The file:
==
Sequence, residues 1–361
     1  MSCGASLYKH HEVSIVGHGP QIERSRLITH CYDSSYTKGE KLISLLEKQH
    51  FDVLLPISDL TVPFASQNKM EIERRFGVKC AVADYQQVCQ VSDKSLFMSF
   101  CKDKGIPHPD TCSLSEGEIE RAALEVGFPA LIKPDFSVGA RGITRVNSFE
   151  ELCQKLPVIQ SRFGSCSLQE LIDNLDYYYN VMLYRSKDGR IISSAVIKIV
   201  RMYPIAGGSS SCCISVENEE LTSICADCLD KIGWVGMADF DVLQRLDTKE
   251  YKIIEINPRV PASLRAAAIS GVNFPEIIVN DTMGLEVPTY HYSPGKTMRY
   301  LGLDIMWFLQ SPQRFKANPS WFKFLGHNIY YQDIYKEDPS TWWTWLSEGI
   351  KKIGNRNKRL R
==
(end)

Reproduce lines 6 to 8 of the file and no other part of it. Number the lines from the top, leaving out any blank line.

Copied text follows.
   201  RMYPIAGGSS SCCISVENEE LTSICADCLD KIGWVGMADF DVLQRLDTKE
   251  YKIIEINPRV PASLRAAAIS GVNFPEIIVN DTMGLEVPTY HYSPGKTMRY
   301  LGLDIMWFLQ SPQRFKANPS WFKFLGHNIY YQDIYKEDPS TWWTWLSEGI